It is possible that Van der Weyden also gained a university education, as on November 17, 1426 he was honored by the city of Tournai as "Maistre (Master) Rogier de la Pasture." The title "master" was granted only rarely to artists, indicating not that they had completed their apprenticeship, but rather that they had achieved some other distinction, which is not clearly defined but may have reflected university studies. The sophistication of his compositions and iconography might also indicate that he gained an academic title.
In 1426, he married Elisabeth Goffaert, the daughter of a Brussels shoemaker. The couple went on to have four children: son Cornelis (b. 1427) who became a Carthusian monk; daughter Margaretha (b. 1432); son Pieter (b. 1437) who went on to become a painter; and son Jan (b. 1438), who became a goldsmith.
For much of the 1420s, Tournai experienced political and social upheaval, as power shifted between civic government, the French king, and the Burgundian dukes. Although Van der Weyden seems not to have been present at the sale of his father's house on his death in 1426, Dirk de Vos notes that it is nonetheless likely he was in Tournai throughout this period.
Van der Weyden became an independent master of the Tournai guild on August 1, 1432, having completed the requisite four years as a registered apprentice. He was also probably prompted by his master Robert Campin being sanctioned by the guild and his workshop forbidden for a time from taking on new commissions. Two small panels picturing the Virgin and Child in a Niche (c. 1425-30, Museo Thyssen-Bornemizsa, Madrid) and Saint George and the Dragon (c. 1425-30, National Gallery, Washington) are among the earliest works that may be attributed to Rogier, made while he was still in Campin's workshop. He continued to produce paintings in Tournai, including the celebrated Descent from the Cross (c. 1430-35, Museo del Prado, Madrid), and also polychromed sculptures and painted architectural elements for churches.
From Campin, Van der Weyden learned skills in the detailed realism seen in his earliest paintings. Both artists were interested in meticulous observation and in finding a balance between surfaces, volumes, and pictorial space, but stylistic distinctions are complicated by the collective nature of workshop practice, and by an ongoing lack of agreement among art historians over the constitution of Campin's oeuvre, and whether it can be equated with the output of an artist sometimes designated as the "Master of Flémalle."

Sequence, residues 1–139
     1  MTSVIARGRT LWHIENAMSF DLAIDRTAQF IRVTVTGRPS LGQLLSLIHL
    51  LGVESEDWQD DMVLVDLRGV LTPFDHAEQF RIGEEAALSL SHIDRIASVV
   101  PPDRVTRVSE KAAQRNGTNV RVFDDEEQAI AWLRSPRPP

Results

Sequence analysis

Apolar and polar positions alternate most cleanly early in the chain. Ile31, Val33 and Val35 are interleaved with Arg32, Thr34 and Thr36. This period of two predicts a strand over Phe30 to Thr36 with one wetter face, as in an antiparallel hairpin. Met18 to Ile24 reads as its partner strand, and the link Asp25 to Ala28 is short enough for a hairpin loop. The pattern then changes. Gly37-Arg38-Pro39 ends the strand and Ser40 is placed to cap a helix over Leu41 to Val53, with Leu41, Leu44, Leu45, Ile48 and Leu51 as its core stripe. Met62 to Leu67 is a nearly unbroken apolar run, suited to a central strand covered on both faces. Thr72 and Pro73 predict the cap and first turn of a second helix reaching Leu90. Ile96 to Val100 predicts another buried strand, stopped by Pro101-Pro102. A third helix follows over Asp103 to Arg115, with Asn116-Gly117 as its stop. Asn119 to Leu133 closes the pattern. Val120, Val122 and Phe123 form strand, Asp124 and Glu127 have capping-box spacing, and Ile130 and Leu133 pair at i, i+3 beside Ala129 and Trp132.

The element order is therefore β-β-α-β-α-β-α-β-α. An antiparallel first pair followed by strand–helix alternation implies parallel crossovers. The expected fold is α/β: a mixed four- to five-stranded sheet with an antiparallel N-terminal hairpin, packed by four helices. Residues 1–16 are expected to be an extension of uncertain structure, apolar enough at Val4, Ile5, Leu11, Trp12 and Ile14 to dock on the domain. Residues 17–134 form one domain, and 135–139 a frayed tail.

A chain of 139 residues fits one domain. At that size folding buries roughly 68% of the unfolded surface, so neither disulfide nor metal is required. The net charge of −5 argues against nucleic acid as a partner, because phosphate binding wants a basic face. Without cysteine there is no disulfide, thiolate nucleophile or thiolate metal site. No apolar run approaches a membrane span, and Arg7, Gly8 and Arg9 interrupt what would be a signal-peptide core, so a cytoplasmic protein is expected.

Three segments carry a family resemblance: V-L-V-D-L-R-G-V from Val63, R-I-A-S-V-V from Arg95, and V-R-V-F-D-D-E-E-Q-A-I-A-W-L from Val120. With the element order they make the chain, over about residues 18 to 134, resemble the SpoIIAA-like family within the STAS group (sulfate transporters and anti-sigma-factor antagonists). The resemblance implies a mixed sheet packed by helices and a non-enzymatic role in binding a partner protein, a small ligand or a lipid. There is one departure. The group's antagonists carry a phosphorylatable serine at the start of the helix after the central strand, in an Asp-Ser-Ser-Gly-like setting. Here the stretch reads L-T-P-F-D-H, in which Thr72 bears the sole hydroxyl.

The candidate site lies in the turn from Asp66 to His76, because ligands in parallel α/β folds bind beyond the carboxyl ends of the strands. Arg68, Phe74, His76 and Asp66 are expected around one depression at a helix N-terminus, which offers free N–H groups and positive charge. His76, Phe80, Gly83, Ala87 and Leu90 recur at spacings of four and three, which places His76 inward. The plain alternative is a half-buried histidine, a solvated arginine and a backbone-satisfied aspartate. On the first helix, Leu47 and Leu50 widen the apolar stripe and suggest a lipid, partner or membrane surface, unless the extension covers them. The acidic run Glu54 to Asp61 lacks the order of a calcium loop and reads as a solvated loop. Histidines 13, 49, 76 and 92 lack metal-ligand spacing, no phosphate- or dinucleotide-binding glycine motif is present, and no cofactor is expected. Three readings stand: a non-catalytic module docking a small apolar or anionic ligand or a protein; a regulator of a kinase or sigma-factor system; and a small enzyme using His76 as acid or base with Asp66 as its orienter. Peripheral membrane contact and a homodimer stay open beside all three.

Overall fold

During his time in Tournai, Van der Weyden probably also met painter Jan van Eyck, who visited the city and attended a reception held by the painters' guild in 1427, possibly as the guest of honor. As two of the most celebrated artists of their time, they must have known and appreciated each other's work throughout their careers.
By late 1435, Van der Weyden had moved to Brussels, the new capital of the Burgundian state. He was likely drawn there by a special commission he received to paint four large-scale works in the Brussels City Hall. From then on, aside from a few return visits to Tournai, Van der Weyden's principal residence and workshop was in Brussels, on the "Golden Street" near Coudenberg Palace, the residence of the Duke of Burgundy. In March 1436, he was mentioned as the "Painter to the City of Brussels," a position that seems to have been created especially for him around the time of his move. It is at this time that he adopted the Flemish version of his name. His Brussels workshop was large, and he likely had several assistants there, including his son Pieter (who took over the workshop when his father died) and his nephew Louis le Duc.
The commission for the City Hall consisted of four huge paintings that combined measured some 65 feet (20 meters) wide. The scenes depicted the Legends of Trajan and Herkinbald, historical examples of the administration of justice, and were placed in the "Golden Chamber" of the City Hall. Numerous commentators, including Albrecht Dürer and Giorgio Vasari, praised the panels' skill, and they are the only works the artist is known to have signed. Unfortunately, the building and its contents were destroyed in the bombardment of Brussels in 1695, during the Nine Years' War between France and a group of European powers, although a partial copy in tapestry of the works (made in the 1450s and now in the historical museum in Bern, Switzerland) retains some sense of their content and style. Rogier's work on these panels must have occupied much of his time in the 1440s; only about ten other known surviving works date to this decade, although his workshop assistants probably produced others. Thanks to his growing wealth and status, he was able to give to the poor, donate a large altarpiece to the Carthusian monastery at Scheut, outside Brussels, and hold an administrative position for a time at a charitable foundation.